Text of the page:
Today I bought some nice fluffy slippers with lambs on toes to wear around my apartment. Once again, pretty sure I’d never own a pair of slippers like these in America, but I have to say the crazy slippers are one of the many things I’m thankful for in my new normal.

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Fears and Far Away

When I told people I was moving thousands of miles away, on the other side of the ocean, to a land where I didn’t speak the language, far from everything familiar, the response so often came, “You’re so brave.” Or, “Aren’t you afraid of what could happen?”

In many ways, moving to the other side of the world requires facing fears. I have to say some “normal” fears rarely enter my mind. I’m not so concerned about things happening to me in daily life, about travel, about crossing the street (which can be a pretty scary thing!). But it can also cause a whole new pile of fears and uncertainties to creep in.

Will people forget me? Will I be able to really adjust?  Where will I fit?

A few weeks ago, with several of my teammate we discussed our biggest fears being in China.  For me, the biggest fear has long been the same—something happening to my family and not being there.

Two days later, my grandpa died.  My grandfather—the man who I hurried across the gravel driveway to see every morning as a small child. The man who taught me all about cars, boats, houses, James Bond and John Wayne.

And there I was 7000 miles away.

Yet, as I set on my bed crying I couldn’t shake the unmistakable peace upon me.

My word for the year is dependence. And I realized I had to depend that my Father was taking care of my family.  I had to realize I’m not in control.  That the hands that hold the universe hold me and my family—even on opposite sides of the world. And He tells me, “Do not fear, for I am with you.”

Lady in Red: A Chinese wedding!

Last weekend, I had the exciting opportunity to attend my first Chinese wedding.  It’s something I’ve been excited about doing since I arrived here a year ago. Our neighbor (who is also our invaluable colleague and helper) got married. We were so happy to celebrate with her!


Some interesting Chinese wedding traditions & observations:

  • Traditionally, the women’s parents do not attend the wedding because the woman is leaving her family and joining the groom’s family. Today, more and more brides (especially in the cities) have their parents at the wedding. The bride’s parents did attend this wedding and her father walked her in and presented her to the groom–similar to what we are accustomed to at Western weddings.
  • In another influence from Western culture, more brides wear white wedding dresses as opposed to the traditionally-styled red dress. In spite of this, the bride will often change into a red dress.
  • Wedding pictures are often taken at various locations before the wedding, similar to what we do for engagement photos, only the bride and groom wear various formal attire (wedding dresses, colorful formals, etc. I think the outfits are often rented.)
  • The wedding itself might seem a little bit more like a reception, centered around a meal and taking place in a hotel ballroom. There is an announcer who MCs the event (quite loud and energetic–think of the guy who introduces the basketball players at the beginning of the game).  I’ve heard vows are not always said (perhaps a simple question of “will you marry this person?”), but our wedding did have something similar to Western wedding vows. (Or so I was told. I basically understood the part where the bride said I love you.)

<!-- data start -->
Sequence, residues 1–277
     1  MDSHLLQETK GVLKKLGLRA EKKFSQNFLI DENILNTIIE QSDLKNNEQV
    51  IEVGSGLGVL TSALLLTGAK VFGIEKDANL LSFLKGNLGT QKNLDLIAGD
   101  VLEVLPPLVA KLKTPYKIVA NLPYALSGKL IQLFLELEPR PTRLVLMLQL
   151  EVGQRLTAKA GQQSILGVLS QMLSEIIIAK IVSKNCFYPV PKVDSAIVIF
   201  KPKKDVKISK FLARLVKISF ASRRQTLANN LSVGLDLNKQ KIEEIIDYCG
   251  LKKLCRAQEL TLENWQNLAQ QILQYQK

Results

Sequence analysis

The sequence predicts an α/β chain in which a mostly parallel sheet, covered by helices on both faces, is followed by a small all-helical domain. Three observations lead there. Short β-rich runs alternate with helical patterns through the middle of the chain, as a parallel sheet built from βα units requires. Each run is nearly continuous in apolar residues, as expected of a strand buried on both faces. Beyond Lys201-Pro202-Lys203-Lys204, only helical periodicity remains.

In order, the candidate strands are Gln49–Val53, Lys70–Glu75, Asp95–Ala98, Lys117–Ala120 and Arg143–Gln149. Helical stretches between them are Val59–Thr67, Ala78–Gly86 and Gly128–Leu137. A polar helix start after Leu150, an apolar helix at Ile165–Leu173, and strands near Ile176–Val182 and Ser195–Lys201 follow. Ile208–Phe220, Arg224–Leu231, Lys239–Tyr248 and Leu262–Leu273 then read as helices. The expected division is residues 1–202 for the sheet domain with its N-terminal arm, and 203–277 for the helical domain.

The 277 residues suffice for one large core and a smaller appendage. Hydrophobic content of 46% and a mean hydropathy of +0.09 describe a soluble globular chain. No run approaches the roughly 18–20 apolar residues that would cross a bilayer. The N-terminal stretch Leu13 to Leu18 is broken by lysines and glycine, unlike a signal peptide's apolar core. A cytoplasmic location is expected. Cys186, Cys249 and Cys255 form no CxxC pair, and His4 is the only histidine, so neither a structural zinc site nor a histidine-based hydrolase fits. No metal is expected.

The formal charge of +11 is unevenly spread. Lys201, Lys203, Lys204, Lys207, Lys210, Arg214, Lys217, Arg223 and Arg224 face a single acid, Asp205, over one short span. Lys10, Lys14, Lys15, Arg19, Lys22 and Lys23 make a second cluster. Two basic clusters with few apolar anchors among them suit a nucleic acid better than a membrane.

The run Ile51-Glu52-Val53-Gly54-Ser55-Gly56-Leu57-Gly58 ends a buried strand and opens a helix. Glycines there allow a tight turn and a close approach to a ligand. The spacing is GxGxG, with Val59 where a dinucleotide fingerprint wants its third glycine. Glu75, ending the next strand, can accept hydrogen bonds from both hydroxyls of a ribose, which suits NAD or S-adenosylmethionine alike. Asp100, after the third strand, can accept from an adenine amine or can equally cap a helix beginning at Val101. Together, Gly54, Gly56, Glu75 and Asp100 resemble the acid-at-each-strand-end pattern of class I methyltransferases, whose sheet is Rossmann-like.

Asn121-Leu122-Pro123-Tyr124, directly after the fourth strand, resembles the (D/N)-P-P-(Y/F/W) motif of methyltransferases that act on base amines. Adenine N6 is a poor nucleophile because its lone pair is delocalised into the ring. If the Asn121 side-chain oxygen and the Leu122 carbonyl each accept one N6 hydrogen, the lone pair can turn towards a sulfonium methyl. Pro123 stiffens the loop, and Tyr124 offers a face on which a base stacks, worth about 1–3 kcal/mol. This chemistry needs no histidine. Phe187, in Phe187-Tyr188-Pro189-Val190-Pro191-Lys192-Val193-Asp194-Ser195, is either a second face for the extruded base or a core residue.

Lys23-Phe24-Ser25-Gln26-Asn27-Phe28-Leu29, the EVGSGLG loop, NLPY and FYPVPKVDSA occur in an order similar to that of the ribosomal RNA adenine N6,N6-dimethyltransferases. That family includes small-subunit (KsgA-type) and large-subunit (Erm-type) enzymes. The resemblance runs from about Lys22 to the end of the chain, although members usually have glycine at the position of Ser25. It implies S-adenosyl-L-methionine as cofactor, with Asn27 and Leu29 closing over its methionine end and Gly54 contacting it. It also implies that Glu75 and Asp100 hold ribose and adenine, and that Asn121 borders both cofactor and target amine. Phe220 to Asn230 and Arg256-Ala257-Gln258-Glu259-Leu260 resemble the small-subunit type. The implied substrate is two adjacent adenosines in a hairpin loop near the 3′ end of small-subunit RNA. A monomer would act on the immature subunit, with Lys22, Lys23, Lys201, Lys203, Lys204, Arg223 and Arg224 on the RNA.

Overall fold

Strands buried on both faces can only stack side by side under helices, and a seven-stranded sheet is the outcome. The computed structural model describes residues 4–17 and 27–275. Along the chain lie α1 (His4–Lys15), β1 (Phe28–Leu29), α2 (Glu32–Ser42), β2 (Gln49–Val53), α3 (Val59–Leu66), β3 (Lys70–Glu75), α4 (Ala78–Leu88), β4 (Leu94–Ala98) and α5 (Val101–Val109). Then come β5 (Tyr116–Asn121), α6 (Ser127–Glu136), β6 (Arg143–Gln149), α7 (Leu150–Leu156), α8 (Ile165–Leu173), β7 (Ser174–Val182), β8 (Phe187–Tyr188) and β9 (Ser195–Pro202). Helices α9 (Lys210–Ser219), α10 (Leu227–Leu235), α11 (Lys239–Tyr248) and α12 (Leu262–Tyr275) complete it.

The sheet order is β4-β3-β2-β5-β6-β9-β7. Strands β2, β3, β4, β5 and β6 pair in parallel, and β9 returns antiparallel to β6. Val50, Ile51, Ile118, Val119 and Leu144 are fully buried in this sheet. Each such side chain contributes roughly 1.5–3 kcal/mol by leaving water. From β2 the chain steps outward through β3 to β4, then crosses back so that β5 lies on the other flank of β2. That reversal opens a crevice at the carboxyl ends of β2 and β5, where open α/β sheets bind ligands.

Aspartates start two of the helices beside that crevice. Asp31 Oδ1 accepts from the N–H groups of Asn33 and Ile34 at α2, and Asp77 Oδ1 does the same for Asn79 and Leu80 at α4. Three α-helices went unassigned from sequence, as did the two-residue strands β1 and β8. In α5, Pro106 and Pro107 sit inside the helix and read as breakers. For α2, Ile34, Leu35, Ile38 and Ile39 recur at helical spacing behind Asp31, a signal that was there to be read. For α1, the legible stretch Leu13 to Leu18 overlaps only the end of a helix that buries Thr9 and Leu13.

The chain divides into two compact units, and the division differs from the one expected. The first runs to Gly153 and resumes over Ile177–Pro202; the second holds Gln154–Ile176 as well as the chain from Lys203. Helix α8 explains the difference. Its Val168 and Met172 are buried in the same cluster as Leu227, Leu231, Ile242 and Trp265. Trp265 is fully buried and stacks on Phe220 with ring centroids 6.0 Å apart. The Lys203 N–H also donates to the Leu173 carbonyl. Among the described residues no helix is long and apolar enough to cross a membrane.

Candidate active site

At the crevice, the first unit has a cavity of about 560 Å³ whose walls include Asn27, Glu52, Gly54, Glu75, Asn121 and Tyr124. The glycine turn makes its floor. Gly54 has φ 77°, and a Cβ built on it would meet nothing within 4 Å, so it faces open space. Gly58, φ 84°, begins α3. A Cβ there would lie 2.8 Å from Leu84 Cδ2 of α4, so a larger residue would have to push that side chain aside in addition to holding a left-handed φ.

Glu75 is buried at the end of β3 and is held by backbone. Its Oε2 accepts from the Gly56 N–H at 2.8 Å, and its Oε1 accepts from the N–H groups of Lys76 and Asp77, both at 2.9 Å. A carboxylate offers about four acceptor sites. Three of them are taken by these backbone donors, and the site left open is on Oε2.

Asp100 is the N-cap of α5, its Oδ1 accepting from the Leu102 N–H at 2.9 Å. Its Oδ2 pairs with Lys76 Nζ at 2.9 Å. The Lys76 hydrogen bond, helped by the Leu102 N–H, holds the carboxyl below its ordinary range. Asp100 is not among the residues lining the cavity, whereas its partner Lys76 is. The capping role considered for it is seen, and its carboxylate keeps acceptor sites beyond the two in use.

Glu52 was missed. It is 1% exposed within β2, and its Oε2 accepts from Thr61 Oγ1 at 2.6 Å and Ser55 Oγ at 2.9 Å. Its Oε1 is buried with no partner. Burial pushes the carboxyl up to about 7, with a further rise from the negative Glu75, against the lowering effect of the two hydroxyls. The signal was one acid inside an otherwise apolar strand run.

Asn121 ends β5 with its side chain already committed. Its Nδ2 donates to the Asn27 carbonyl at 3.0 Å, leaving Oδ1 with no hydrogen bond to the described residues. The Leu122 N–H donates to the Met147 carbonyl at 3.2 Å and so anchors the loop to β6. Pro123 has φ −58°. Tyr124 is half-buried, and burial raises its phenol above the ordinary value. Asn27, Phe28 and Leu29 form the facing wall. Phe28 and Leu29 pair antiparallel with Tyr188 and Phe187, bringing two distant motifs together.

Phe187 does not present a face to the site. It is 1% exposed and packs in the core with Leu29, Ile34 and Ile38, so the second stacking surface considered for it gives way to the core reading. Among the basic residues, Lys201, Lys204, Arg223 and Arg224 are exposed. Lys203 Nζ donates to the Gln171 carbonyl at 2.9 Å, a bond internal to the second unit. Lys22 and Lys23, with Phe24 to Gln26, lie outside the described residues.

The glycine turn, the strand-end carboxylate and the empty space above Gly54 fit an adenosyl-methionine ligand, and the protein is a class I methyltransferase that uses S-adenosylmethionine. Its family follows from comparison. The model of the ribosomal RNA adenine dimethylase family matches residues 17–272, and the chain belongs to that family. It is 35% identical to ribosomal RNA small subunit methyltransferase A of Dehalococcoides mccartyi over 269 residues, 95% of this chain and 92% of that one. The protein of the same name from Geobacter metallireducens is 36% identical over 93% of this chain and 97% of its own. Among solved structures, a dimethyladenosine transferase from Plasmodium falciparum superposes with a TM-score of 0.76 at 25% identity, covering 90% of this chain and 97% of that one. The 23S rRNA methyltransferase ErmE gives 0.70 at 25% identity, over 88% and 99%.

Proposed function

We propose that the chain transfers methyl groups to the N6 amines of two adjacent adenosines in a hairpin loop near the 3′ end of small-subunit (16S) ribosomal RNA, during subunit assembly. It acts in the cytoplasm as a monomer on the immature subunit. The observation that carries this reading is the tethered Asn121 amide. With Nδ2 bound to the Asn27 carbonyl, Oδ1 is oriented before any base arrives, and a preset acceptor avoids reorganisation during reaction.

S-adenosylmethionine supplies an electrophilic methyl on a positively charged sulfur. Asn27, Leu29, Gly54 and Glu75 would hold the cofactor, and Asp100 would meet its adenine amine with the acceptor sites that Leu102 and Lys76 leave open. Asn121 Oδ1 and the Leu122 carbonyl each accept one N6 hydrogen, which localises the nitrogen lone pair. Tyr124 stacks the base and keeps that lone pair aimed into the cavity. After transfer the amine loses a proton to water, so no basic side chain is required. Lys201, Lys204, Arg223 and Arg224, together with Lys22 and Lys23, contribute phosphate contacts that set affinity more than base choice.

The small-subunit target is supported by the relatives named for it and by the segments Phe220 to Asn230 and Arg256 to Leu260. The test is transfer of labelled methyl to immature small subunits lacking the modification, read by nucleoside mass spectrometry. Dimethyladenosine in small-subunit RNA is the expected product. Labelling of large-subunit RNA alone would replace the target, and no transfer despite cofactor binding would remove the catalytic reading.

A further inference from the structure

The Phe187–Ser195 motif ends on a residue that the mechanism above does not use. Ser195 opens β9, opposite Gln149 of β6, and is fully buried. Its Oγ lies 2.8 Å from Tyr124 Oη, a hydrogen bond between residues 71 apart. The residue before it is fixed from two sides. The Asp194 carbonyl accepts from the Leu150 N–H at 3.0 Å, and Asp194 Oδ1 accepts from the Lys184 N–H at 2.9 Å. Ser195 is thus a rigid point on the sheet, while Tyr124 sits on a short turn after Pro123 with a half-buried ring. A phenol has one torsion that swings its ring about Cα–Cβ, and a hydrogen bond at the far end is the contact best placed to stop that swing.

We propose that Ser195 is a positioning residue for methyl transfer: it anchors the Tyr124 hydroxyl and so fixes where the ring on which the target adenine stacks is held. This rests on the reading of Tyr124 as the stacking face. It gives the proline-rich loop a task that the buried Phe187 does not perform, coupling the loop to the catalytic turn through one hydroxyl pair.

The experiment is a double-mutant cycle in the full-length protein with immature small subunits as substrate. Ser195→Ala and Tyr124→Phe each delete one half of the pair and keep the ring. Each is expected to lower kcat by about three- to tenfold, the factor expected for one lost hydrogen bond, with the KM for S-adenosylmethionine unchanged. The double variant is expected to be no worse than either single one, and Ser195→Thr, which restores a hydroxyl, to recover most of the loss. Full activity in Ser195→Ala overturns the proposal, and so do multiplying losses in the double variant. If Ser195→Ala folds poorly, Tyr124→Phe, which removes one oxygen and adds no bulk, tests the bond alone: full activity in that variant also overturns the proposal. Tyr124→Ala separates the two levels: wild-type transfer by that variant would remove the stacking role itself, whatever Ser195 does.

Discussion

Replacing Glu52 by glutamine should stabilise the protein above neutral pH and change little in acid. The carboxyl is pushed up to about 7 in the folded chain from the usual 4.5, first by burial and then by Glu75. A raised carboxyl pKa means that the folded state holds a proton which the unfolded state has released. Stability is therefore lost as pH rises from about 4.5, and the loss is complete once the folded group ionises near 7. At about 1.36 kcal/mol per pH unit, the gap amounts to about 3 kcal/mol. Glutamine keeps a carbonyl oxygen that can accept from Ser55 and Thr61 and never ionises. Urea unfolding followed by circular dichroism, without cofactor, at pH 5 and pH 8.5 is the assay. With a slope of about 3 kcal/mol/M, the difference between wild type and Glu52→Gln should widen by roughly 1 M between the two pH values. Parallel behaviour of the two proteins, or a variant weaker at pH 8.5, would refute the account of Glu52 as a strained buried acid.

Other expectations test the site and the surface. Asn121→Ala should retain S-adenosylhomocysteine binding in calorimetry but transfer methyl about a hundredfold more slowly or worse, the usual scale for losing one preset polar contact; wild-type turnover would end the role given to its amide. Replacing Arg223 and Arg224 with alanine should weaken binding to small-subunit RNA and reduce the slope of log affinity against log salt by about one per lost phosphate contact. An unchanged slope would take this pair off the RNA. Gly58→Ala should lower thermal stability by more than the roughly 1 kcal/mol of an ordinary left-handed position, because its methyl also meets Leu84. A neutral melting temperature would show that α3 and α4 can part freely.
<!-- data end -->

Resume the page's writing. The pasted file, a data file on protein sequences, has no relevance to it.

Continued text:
• The day of the wedding is strategically chosen by a variety of factors according to the Chinese zodiac calendar. I’m not sure exactly how this works, but I do know it takes into account the bride and groom’s birth years, as well as days that are considered lucky. Apparently all of 2015 is both a bad year to get married and a bad year to have children. That’s unfortunate. (Pun intended.)
  • As part of the ceremony, the bride and groom have to call their new in-laws mama and baba (mother and father), until they do so satisfactorily. Then they receive a gift from the parents.
  • After the ceremony, the bride and groom walk around to each table and toasts all of their guests.
  • The event is quite colorful. Some even have fireworks indoors. We didn’t have fireworks, but a screensaver that gave a simulated look of them at times.  Not quite as exciting, but I’m sure I’ll have plenty of other opportunities to see and hear fireworks living in China 🙂

**Yes, I do remember I have a blog. I’m planning on weekly updates this year, so if I don’t do it you can keep me accountable.**

Home to a Foreign Land

If I learned to speak Mandarin perfectly, with no discernible foreign accent, if I lived the rest of my life in this city, if I my children were born here, if my grandchildren were born here, even if I dyed my hair black, got dark contacts and tried my very best to blend in as much as possible—one thing will still always remain—I’m a foreigner.

As a native of a country where we can’t readily identify foreigners, even by their color of skin or the language they speak—it’s easy for us to never really ponder what it means to be “foreign.”  But here, my status as a foreigner is obvious and constant.

After nearly 4 weeks of traveling, I returned “home” a few days ago.  Although I was leaving this beautiful country full of warmth and sunshine:


I was excited to be returning to this foreign land—which over the past few months begins to feel more familiar, like a place I belong.  Perhaps that’s why my status once again as foreign was a little bit jarring.  My first night back we went to dinner at a restaurant we frequent.  Another diner moved across the restaurant to stare at us.  He probably wanted to examine the foreigners’ chopstick skills. Or maybe he was just intrigued by the group of foreigners.

While at times this identity as a foreigner can be a bit overwhelming, I have to say I’ve grown in some ways to appreciate.  In one of my early letters home I mentioned that living here, ‘I’m continually reminded that for each of us, this is not our home.  China is no more my home than the land of (real) football and barbecue is.’

So even as I retain my foreign status, I’m thankful for the opportunities that it brings me to meet new people and build relationships.  I’m thankful for the many foreign things that become familiar.  And I’m thankful for the reminder that I am made for a greater home and have been given a “longing for a better country—a heavenly one.”